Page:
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Cardinals beginning to adjust to 8-hour time difference in London

LONDON -- With a full night in London behind them, the Cardinals are slowly starting to settle into their home away from home this week.

But it's taking some Cardinals longer than others to get used to the eight-hour time difference from Arizona.

Coach Bruce Arians, who said he doesn't sleep well on planes, has "not yet" adjusted to London time, but he's "getting there." Quarterback Carson Palmer, however, slept almost the whole 10-hour flight.

"I don't know if I even moved last night," Palmer said. "I woke up, jumped up when the alarm went off and I feel like I've acclimated to this as quickly as I could."

Running back Adrian Peterson learned about the importance of sleeping on the flight over during his first trip to London two weeks ago, when he played for the New Orleans Saints. It took him almost three days to get his body adjusted to the time change. On this trip, he said he made sure to sleep on the plane.

Palmer said the Cardinals did a good job of making sure players didn't sleep when they arrived Tuesday by filling their schedule with meetings and a walk-through.

Arizona's first practice of the week Wednesday was a walk-through, which is consistent with what the Cardinals have done the past few weeks by holding their first padded practices of the week on Thursdays.

Temperatures were in the high 50s, and the English sky was overcast after on-and-off rain all morning. The air was damp and chilly, a vast difference from the Cardinals' usual practice conditions. Back home in Arizona, temperatures hovered in the high 80s.

Arians consulted with four or five teams, including a long conversation with Saints coach Sean Payton, about the differences in traveling to London early in the week vs. late. He also talked to Peterson about details: what kind of cleats to wear, what the grass was like.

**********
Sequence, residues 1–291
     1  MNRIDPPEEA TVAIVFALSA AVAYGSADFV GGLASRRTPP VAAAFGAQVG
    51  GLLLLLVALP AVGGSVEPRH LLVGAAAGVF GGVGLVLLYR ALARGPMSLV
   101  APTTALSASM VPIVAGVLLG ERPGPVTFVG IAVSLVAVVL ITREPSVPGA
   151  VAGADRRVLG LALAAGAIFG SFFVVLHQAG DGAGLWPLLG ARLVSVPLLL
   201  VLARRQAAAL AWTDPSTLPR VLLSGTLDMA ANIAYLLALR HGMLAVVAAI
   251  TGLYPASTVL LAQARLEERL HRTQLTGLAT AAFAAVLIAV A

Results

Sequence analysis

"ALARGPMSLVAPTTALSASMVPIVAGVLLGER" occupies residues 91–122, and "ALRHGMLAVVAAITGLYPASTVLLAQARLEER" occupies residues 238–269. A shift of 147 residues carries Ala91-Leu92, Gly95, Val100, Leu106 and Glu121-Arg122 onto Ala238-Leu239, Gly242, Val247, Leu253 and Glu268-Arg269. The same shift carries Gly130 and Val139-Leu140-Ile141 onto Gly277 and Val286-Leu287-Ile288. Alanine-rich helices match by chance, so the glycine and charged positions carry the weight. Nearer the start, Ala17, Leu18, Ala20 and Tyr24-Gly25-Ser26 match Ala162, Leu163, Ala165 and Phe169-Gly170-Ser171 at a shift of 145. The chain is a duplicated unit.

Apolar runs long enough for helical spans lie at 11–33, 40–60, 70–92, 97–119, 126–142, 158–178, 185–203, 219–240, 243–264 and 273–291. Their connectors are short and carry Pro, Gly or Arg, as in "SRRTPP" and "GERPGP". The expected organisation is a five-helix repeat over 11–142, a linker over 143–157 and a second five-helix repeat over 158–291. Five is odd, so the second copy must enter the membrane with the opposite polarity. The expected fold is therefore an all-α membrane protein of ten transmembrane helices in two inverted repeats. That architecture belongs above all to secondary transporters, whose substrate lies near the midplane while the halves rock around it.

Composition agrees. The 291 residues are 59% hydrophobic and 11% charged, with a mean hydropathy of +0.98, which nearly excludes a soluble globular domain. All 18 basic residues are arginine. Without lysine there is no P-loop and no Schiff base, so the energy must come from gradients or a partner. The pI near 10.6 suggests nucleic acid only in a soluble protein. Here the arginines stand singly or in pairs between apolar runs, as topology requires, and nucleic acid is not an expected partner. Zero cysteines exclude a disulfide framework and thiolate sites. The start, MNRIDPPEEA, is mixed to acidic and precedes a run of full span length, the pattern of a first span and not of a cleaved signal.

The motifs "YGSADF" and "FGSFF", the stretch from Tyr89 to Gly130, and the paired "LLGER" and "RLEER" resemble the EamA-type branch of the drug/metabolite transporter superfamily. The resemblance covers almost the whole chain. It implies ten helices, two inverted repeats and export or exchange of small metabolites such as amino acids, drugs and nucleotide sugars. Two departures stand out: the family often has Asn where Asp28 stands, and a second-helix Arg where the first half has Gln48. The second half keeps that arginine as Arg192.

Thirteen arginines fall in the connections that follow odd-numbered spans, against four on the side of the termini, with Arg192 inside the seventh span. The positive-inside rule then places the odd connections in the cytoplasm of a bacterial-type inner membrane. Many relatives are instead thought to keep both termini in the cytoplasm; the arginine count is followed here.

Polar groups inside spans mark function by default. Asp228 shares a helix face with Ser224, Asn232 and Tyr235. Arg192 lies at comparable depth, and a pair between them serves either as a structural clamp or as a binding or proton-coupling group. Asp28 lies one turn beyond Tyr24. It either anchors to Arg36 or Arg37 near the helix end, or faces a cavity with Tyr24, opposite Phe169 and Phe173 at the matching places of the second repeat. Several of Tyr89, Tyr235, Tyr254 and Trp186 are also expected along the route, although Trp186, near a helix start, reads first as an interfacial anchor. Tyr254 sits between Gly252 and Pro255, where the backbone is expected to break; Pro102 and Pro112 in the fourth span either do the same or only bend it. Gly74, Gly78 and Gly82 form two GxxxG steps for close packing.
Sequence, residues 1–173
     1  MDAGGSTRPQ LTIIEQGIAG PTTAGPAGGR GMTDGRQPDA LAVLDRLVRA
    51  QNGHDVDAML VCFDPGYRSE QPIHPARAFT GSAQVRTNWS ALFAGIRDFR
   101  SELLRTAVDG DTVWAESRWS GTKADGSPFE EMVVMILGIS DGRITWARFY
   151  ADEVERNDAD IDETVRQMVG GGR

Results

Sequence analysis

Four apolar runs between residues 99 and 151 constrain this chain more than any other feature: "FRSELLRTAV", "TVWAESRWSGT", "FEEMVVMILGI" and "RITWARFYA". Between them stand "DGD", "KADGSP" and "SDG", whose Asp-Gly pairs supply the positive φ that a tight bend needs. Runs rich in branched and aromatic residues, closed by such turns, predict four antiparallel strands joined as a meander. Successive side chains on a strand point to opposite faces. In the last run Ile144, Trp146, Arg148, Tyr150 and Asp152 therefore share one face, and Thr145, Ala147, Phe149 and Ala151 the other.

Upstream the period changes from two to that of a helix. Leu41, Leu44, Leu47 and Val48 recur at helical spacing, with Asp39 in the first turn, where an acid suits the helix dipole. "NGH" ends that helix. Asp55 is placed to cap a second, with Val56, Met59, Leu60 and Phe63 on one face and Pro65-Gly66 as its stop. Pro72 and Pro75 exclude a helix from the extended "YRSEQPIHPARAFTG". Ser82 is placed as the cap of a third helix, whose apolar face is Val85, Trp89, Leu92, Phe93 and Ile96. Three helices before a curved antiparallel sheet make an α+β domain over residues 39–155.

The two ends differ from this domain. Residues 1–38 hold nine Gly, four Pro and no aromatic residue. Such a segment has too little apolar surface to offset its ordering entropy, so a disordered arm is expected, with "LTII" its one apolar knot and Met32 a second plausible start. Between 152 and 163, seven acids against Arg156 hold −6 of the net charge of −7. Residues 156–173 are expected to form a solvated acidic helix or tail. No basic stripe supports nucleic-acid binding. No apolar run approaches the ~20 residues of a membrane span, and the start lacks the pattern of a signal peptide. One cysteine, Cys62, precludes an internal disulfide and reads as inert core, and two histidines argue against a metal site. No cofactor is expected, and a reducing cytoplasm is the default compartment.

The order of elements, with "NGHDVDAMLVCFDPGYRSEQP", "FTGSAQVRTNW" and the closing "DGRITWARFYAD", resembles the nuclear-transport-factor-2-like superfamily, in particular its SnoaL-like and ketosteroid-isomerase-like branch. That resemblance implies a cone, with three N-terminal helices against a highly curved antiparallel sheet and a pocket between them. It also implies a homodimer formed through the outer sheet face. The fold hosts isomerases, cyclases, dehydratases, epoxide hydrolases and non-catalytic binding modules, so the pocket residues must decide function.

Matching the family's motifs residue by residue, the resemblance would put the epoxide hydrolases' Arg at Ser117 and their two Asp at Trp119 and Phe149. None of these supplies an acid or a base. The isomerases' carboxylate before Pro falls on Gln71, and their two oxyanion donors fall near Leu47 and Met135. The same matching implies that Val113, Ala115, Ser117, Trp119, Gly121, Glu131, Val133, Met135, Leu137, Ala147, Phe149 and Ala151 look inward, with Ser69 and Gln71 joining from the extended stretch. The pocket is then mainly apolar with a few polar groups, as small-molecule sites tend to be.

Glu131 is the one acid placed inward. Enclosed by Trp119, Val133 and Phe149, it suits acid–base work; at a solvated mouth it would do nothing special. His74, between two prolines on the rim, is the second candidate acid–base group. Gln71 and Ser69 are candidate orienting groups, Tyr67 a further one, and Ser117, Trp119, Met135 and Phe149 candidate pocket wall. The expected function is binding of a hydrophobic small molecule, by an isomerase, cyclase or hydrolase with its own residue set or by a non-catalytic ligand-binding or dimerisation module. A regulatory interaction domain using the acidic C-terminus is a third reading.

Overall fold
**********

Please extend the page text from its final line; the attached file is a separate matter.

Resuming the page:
The Cardinals have had to shuffle their daily schedule this week because they must bus to practice at the London Irish Rugby Football Club's headquarters and practice fields. They held a meeting Wednesday morning, then practiced in the afternoon and had more meetings at night, which the team never does, Arians said.

As with any road trip -- and even more so a long one to a different country -- there's an increased possibility for distractions, but Arians said he talked to the team "a lot" about not letting the trip interfere with the game preparation.

"If they want to see London, come in March," Arians said. "We're here to win."

Though a handful of players did post photos and videos of trips to downtown London on Tuesday afternoon after their walk-through and meetings.

The schedule for rest of the week, however, won't end for the players until close to 9 p.m.

"Honestly, we don't have time to do much," cornerback Patrick Peterson said. "The city is about an hour away. By the time we're done with our day, it's about 8:30. So we won't have time to pretty much do anything anyway.

"But for the most part, guys understand that this is a business trip, a very, very pivotal matchup, an important game for us, a divisional matchup and game for us. So we understand how important this game is. So guys are definitely dialed in and are ready to do whatever they need to do and be prepared to go out here to try to get this victory."